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January 2009
Mechanical wedge grips for tensile testing


Author:
Posted on: 12/31/2008
High-Performance Composites

Click Image to Enlarge

TT Fig. 2

Fig. 2: A pair of 30-kip standard grips. Source: Don Adams

TT fig. 1

Fig. 1: A pair of simple grips with top-mounted wedge insert tighteners. Source: Don Adams

Don Adams mug shot

Dr. Donald F. Adams is the president of Wyoming Test Fixtures Inc. (Salt Lake City, Utah). He holds a BS and an MS in mechanical engineering from, respectively, the University of Illinois and the University of Southern California, and a Ph.D in theoretical and applied mechanics from the University of Illinois. Following a total of 12 years with Northrop Aircraft Corp., the Aeronutronic Div. of Ford Motor Co. and the RAND Corp., he joined the University of Wyoming, directing its Composite Materials Research Group for 27 years before retiring from that post in 1999. Dr. Adams continues to write, teach and serve with numerous industry groups, including the test methods committees of ASTM and the Composite Materials Handbook 17 (CMH-17).

TT Fig. 3

Fig. 3: Simple grip with side-mounted wedge insert tighteners. Source: Don Adams

In tensile testing, wedge grips are used on both ends of the specimen to position the specimen in the test frame. Wedge grips incorporate two main components: the grip body and two grip inserts, as seen in Fig. 1. They function, as the name implies, by the wedging action induced as the opposing grip inserts slide in relation to the angled interior walls of the grip body. The gap between the inserts decreases, applying clamping force to the test specimen, during initial specimen installation and subsequent axial loading.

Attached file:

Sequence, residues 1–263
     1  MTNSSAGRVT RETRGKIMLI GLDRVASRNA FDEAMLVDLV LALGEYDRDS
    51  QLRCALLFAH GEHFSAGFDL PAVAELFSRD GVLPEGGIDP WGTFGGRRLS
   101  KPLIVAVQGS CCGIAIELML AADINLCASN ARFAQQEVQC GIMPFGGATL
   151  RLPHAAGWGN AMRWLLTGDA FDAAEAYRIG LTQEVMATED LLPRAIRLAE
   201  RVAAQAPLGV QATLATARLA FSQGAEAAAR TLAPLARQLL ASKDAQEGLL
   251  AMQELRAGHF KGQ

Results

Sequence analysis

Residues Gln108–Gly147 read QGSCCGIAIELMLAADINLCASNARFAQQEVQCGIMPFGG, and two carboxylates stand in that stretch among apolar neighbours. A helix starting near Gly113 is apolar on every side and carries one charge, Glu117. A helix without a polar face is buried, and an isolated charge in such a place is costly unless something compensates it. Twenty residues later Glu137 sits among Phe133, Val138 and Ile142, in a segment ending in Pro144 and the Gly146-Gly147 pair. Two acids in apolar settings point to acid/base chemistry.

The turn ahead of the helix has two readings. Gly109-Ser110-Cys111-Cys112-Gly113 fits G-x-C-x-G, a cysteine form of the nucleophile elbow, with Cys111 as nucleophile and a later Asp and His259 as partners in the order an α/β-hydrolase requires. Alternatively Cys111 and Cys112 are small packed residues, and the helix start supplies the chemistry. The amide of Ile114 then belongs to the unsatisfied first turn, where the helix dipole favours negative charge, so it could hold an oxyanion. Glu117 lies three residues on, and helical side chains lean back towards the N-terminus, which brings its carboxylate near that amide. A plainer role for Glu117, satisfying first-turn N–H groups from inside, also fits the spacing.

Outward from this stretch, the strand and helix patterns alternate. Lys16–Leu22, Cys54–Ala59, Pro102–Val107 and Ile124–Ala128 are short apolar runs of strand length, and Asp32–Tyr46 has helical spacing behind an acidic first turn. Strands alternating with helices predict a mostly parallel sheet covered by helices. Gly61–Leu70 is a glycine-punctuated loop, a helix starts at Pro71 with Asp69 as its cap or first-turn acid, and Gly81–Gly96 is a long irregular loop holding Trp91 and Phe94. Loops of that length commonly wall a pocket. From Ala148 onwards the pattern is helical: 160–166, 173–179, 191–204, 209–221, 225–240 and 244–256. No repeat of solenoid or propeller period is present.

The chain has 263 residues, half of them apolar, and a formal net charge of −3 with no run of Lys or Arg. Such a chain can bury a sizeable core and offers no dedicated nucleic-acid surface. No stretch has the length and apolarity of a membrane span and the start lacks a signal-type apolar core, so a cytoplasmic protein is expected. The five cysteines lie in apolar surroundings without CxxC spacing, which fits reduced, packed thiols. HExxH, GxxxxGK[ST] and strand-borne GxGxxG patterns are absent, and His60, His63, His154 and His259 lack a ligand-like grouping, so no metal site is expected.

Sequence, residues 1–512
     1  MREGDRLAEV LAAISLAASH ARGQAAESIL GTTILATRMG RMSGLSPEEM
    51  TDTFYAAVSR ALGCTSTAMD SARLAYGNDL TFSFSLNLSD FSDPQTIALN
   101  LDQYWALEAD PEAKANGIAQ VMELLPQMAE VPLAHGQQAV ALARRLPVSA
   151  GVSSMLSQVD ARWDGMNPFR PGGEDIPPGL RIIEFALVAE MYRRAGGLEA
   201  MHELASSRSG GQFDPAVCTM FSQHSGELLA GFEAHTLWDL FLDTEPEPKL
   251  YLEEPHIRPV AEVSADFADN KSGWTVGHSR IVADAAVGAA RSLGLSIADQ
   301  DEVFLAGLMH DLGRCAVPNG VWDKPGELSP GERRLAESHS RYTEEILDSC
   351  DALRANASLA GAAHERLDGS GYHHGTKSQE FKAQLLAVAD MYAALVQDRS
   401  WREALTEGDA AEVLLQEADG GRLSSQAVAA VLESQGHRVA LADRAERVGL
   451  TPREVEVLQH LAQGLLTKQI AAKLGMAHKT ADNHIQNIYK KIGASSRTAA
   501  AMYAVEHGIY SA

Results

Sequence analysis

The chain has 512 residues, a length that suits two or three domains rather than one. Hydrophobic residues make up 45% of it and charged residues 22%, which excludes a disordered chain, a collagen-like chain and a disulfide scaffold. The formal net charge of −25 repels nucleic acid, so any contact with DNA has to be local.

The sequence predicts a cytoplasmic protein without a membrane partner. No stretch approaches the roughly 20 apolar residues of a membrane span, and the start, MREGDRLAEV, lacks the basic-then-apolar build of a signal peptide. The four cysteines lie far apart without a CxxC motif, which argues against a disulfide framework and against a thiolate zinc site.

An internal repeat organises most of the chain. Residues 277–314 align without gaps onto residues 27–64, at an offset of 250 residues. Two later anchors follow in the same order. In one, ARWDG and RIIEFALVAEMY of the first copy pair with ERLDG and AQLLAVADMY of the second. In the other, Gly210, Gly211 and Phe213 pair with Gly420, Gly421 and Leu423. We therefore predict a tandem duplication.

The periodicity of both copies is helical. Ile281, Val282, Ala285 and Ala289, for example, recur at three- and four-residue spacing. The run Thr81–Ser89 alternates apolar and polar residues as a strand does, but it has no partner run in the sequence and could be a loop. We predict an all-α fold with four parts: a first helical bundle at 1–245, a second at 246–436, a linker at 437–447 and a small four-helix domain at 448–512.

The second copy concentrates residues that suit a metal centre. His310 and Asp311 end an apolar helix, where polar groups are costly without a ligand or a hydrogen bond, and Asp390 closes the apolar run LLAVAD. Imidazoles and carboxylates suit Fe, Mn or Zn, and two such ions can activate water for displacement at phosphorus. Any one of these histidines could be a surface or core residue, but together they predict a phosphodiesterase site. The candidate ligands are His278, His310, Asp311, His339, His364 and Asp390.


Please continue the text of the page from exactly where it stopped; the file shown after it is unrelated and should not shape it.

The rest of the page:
There are three types of wedge grips: mechanical (pictured in the figures below), hydraulic and pneumatic. Each type has its relative advantages and disadvantages. However, because mechanical grips tend to be less expensive and bulky, and simpler to use, they are used much more extensively. For this reason, they will be the focus here.

There are two basic subcategories of mechanical wedge grips, which, for lack of established terminology, will be referred to here as “simple” grips (Figs. 1 & 3) and “standard” grips (Fig. 2). The types are distinguished by the method used to open and close the grips. Simple grips are designed such that the grip inserts move and the grip body remains stationary as the grips are tightened onto the test specimen. That is, the grip body is directly linked to the testing machine attachment points and remains stationary.